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The habit of excellence

We are what we repeatedly do. Excellence, then, is not an act, but a habit’ Aristotle

With massive changes not only in student numbers (and staff recruitment in the majority of colleges), but also across the educational landscape (the British Advanced Standard, E&M to 18), it’s difficult to believe we’re nearing the end of the first term.

With November GCSE resits complete, we can often be guilty of searching for a ‘silver bullet’ for the remainder of the year – searching for that singular strategy which solves all problems.

With a vast array of research telling us this doesn’t exist, it’s easy to forget the obvious answer: consistency. By adopting the ‘habit’ of excellence, by doing the right things, consistently, we can achieve excellence. Easy to say, but what does this look like in FE E&M?

Positive Accountability

When we hear ‘accountability’, too often we can think of challenging conversations in small rooms with managers. This is because, too often, this is the case. To fully embed consistent excellence, we must reframe and think of positive accountability. The difference is that accountability is generally discussed after the event; after something hasn’t gone well. Positive accountability means discussing accountability before actions take place and asking the right questions to facilitate accountability: ‘how can I support you to be accountable?’, ‘What resources do you need?’, ‘What is standing in your way?’ If we ask these questions (of teachers, leaders and students), we allow everyone to be responsible. We can’t be accountable if we’re not allowed to be responsible.


When discussing accountability with colleagues recently, many mentioned ‘ownership’ (of situations and processes) and ‘owning’. If accountability is not just the end discussion, but must be present at all times, then responsibility is the action we take alongside this. Are we being responsible? Are we making informed decisions? Have we considered the impact on students, teachers, leaders? It’s easy to read around responsibility and accountability and imagine discussions between leaders and teachers, but this is just as much about teacher-student and student-student peer relationships as it is about managerial hierarchy. Again, we can’t be accountable if we’re not responsible.

Will and Skill

To embed excellence, we must evaluate the will and skill of everyone (from students to leaders). It’s unlikely that everyone will have the skillset to embed excellence: from new teachers to experienced teachers and those new to an organisation, no one has a complete skillset and we can all improve (every teacher needs to improve, not because they are not good enough, but because they can be even better, to quote Dylan William and Darren Hankey). In evaluating skillsets, we’re then able to implement high quality CPD (like that included with The BASE Project) and design systems which automate or fill gaps (whether through tracking, assessment or SoL). Where we find challenges with the will of teachers, we’re also then able to have professional conversations to build effective culture.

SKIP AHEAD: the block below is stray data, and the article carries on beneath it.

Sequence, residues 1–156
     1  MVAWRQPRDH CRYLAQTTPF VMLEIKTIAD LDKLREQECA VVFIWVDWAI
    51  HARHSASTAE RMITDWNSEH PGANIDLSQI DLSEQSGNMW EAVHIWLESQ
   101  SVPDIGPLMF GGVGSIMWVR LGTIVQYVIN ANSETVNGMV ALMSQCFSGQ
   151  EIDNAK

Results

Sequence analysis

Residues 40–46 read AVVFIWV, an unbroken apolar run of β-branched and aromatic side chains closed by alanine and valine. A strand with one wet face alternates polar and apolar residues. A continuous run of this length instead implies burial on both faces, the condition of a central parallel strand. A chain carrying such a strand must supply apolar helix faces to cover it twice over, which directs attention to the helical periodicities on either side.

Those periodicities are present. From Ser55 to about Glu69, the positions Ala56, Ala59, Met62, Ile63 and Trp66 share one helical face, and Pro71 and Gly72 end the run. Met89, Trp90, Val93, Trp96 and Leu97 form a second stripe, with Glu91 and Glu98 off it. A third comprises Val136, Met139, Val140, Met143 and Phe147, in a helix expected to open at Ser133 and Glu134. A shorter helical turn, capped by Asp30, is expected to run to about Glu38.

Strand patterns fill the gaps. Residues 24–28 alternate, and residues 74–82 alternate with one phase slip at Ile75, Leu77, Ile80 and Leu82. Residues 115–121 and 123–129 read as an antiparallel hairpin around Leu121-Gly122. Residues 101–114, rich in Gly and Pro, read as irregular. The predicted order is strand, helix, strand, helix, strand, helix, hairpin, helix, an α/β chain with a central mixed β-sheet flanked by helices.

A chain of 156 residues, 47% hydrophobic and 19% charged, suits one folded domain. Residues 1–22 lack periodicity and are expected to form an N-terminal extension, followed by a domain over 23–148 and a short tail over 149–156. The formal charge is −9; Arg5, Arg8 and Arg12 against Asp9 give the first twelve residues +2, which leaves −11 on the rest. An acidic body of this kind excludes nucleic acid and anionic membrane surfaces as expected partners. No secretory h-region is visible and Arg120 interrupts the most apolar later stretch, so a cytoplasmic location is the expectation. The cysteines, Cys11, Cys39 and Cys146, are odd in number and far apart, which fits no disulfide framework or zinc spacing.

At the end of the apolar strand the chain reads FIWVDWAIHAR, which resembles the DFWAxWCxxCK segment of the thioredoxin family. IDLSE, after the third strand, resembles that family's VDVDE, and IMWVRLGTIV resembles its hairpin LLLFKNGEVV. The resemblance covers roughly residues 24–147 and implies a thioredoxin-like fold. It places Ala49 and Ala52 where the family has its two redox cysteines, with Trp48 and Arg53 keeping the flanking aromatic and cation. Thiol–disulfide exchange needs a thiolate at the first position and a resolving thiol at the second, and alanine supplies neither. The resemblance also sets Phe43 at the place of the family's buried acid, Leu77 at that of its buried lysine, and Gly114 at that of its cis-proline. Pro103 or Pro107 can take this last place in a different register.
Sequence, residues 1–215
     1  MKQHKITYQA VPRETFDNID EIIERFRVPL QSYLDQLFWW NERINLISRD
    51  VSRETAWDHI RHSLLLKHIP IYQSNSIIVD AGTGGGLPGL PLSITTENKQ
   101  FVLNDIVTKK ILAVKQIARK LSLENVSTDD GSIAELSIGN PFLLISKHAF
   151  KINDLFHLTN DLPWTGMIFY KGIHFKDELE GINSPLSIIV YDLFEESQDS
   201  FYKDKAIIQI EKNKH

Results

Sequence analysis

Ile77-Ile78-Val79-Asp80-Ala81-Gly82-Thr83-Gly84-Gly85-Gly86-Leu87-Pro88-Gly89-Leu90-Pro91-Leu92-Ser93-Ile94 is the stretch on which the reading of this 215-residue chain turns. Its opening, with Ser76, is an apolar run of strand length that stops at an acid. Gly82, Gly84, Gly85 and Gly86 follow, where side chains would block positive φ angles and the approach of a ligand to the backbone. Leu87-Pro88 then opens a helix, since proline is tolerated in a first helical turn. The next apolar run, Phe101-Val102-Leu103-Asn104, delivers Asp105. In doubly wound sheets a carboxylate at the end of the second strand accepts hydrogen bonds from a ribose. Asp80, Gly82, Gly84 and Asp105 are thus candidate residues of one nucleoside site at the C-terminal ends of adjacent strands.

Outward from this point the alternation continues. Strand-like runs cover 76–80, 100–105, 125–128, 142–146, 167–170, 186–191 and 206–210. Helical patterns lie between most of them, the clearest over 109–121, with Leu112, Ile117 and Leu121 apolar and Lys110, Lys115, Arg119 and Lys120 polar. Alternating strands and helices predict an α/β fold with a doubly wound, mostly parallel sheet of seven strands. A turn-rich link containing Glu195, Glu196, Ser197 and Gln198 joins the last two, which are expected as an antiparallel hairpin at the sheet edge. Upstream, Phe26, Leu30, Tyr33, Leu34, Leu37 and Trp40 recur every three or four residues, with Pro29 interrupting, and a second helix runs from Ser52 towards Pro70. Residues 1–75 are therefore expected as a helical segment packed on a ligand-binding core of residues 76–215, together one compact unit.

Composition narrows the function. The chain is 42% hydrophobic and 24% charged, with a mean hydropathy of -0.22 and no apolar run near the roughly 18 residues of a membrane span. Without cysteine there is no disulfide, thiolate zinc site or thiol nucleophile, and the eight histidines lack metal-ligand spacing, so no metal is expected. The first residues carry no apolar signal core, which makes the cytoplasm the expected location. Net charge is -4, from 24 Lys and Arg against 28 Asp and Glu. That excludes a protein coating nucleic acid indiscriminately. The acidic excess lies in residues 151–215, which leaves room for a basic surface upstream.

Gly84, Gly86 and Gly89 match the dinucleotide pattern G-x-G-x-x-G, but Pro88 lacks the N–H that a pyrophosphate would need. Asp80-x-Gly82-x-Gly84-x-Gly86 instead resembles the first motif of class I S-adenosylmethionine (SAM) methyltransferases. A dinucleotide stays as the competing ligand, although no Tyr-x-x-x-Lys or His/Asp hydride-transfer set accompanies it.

Awareness and Collaborative Improvement

Over the years, I’ve spoken to many teachers and leaders who find activity such as lesson observations, work scrutiny and learning walks/drop-ins to be daunting, anxiety inducing or a point of confrontation (whether by teachers or leaders). My reflection on this has generally been that they aren’t being carried out effectively if this is the case. These types of activities should always be completed ‘with’ teachers/ leaders and never ‘to’ teachers and leaders. Unannounced learning walks will always induce anxiety – leaders, just tell your teachers when you’ll be in sessions, tell them what you’re specifically looking for/ at and remember that this should be used to see how students are progressing, not to ‘check on’ staff. Teachers, this activity is designed to support your improvement; try and see it as such. Teachers AND leaders, we need proper dialogue around this activity, so make sure we put time in to discuss both of your thoughts.

Clearly, there is more to be done to embed consistency and the habit of excellence; however, it’s likely impossible to distil this into 500-800 words! The above does, however, provide a starting point for all organisations (following high quality evaluation) around how we can start this process. However we embed excellence, it’s important to have the right resources and the right support – at The BASE Project, led and facilitated by leaders with decades of successful achievement in FE E&M, we know this better than most.

For more resources, strategies and approaches which will not only cut workload, but also have significant impact on student progress, check out the amazing free resources available here as part of The Development Wheel and get in touch for on-going support as part of the project here.

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